Hollandaise sauce – the star of the show when it comes to eggs benedict. Also delicious with fish and vegetables. But how do you store it? What can you do to make it last longer? Here is what you need to know.
So, how do you store Hollandaise sauce? Once opened, a jar of Hollandaise sauce must be stored in the fridge. However, it is advised that freshly made Hollandaise sauce is consumed within a few hours of being made as it does not typically store well. If some fresh sauce is leftover, storing it in the fridge in a sealed container and then reheating before consumption is an option.
It’s actually quite a tricky one.
It depends a lot on context.
It has a lot to do with whether you are using fresh Hollandaise sauce, or one bought in a jar.
It depends if the jar is open too.
So, you’re going to need to make a judgment call.
And you’re going to need to check the sauce before reusing. Looking for signs of spoilage.
We’ll be covering that later.
So, be sure to keep on reading.
Besides, you do not want this decadent sauce when it’s not at its best.
Trust me, it’s not nice.
So without further ado, let’s get started.
Can I Store Hollandaise Sauce In The Fridge?
You can store Hollandaise sauce in the fridge, although it does not typically store very well or for very long. Equally, as this sauce is an emulsion – you will find that the butter will solidify at cooler temperatures and will require warming up before you can use it.
For this reason, it is advised that if you are making it from scratch, you only make as much as you need for that particular serving.
If there is some extra, then you can certainly try the fridge.
But you’re going to want to do so properly.
This means transferring to a sealed and airtight container.
And doing so at the right time.
Around 2 hours after you have served your dish, and the sauce has had a chance to cool down first.
It should be a little over room temperature before being transferred to the fridge.
How Long Can You Keep Hollandaise Sauce?
Fresh Hollandaise sauce does not tend to keep for very long – between 2-7 days, on average – if stored in the fridge. Store-bought unopened Hollandaise sauce, however, can last for several months if still sealed and kept in a cool place, or up to one month once opened.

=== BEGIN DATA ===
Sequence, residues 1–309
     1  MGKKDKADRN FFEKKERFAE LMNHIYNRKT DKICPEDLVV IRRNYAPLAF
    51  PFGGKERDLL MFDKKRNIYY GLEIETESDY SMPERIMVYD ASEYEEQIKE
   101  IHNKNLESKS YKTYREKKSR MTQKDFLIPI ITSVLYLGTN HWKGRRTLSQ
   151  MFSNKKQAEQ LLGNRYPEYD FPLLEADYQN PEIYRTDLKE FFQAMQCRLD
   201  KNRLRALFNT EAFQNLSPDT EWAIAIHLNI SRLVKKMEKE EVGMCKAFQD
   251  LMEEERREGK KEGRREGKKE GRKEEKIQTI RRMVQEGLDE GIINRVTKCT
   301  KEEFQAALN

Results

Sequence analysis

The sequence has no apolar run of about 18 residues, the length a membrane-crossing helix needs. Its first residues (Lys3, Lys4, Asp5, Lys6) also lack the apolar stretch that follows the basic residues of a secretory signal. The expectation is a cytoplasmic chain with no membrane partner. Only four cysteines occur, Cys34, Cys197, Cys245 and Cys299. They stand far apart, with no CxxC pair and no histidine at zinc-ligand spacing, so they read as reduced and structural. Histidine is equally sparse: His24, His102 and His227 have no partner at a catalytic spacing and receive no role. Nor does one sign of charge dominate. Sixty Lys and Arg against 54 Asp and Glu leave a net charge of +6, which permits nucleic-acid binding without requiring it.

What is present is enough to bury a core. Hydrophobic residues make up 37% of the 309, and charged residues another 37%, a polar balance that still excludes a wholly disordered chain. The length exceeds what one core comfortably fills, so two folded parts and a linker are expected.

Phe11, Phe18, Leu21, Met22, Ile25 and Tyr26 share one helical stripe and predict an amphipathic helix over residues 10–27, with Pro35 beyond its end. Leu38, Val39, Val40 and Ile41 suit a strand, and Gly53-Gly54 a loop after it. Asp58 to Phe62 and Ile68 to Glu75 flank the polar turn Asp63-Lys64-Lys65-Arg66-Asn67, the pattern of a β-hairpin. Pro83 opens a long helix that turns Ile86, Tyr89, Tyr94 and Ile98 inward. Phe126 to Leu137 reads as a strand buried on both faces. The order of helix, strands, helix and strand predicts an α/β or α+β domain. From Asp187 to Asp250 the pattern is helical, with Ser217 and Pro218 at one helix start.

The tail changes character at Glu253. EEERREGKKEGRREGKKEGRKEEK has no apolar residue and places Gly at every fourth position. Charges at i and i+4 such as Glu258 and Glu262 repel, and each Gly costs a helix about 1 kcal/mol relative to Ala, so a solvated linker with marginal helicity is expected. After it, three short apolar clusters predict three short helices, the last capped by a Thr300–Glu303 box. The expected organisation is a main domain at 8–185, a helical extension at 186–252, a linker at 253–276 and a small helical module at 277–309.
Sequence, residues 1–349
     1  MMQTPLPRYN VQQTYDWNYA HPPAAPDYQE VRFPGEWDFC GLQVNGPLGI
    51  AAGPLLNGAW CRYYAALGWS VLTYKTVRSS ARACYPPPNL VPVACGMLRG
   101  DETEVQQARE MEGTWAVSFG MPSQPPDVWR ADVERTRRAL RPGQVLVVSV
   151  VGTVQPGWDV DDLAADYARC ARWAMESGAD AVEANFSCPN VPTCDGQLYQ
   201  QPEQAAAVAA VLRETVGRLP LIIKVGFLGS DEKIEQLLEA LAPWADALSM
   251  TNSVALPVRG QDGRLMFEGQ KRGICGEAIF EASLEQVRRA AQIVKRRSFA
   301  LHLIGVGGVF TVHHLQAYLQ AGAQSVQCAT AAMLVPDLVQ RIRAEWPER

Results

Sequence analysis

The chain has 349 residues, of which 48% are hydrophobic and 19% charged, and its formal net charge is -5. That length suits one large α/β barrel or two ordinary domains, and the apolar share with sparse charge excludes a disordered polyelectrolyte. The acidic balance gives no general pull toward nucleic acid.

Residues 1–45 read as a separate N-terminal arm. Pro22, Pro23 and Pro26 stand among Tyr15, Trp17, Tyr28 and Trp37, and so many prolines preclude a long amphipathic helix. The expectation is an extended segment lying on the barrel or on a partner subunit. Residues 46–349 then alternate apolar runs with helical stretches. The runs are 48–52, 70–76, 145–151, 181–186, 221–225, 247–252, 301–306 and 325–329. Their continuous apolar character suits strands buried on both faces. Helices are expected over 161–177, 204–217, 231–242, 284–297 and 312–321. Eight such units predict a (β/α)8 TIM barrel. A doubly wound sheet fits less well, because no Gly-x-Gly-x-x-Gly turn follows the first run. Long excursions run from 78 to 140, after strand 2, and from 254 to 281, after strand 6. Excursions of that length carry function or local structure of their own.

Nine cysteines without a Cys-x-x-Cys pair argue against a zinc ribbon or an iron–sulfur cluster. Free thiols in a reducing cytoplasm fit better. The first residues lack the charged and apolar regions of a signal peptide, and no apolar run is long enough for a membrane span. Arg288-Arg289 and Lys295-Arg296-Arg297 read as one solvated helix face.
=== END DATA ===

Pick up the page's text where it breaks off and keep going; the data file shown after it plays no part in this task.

One thing to always consider is that Hollandaise sauce is an emulsion.
That means that it is a temporary stable mixture and it can, and will separate in time.
That is the egg yolks and butter ingredients of the sauce.
And of course, once separation sets in it’s not very appetizing.
Or really useable for that matter.
So it does mean if you do decide to refrigerate it, you’ll need to warm it again to bring it back together.
But more on this later.
Just know that this is not really a sauce that tends to keep well.
At least freshly prepared sauce.
The only real exception is if you use a store-bought brand of Hollandaise.
In that case, the preservatives included in the recipe usually mean it can keep a little longer.
Perhaps up to a month if stored in the fridge with the lid sealed tight – brand dependent of course.
Checking the ‘best before date’ or instructions on the product packaging is advised.
How To Tell If Hollandaise Sauce Has Gone Bad
The main ways to tell that Hollandaise sauce has gone bad is by checking the consistency (it should not contain any lumps or appear grainy), by checking the color (it should not have darkened), and by smelling the sauce.
There is always the taste test too but that should generally be left until last.
Especially if you have had your sauce for any period of time.
In fact, as this sauce has eggs as an ingredient then it’s generally not worth any risk.
If in doubt, chuck it out.
Can Hollandaise Sauce Be Reheated?
Hollandaise sauce can and should be reheated prior to reusing. This will make the sauce break down and come together again, being more appetizing and ensuring that it is the right consistency.
What I do is warm it very very gently in the microwave until it is liquid. Then re-emulsify it into a single egg yolk. It costs an egg yolk but the sauce is good as new.
In fact, you will likely need to add another whisked egg (to emulsify) and a tablespoon or two of cold water.
Then add to a pan, and gently simmer for 5-10 minutes until it begins to boil.
Once you see a few signs of boiling, your sauce should be ready.
But be careful not to burn yourself if you intend on eating it sooner after.
Let it sit for a minute or two!
Can Hollandaise Sauce Be Frozen?
You can freeze Hollandaise sauce, and it typically lasts for up to 1 month if you do so correctly.
That means you need to ensure it is sufficiently cool before you transfer it to the freezer.
Place it in an airtight freezable container, and then place it in the freezer.
To ensure your safe does not separate, you’ll need to thaw it in the fridge for 24-48 hours before you intend on using it.
Just remember that.
If you’re in a hurry then you can always consider microwaving it too, but be careful not to do so on too high a heat as this can lead to spoilage.
In reality, Hollandaise sauce is best served fresh.
Unfortunately, it does lose its consistency and flavor very quickly during storage (in a matter of days) and the process of reheating.
Neverthless, store-bought options, while generally not as nice, are a little longer lasting.
But even then, you need to ensure you store this sauce properly.
That’s in the fridge, in an airtight container.
Whether that’s a jar or Tupperware – well that’s up to you.
Hi there. I’m Jeremy – a passionate food technologist with several decades in the food industry. With a love for sauces, food, and nutrition, I decided to create WeWantTheSauce. Here I share my experience, knowledge, and recommendations; from ingredients and recipes to storage all the way through to nutrition for every sauce imaginable.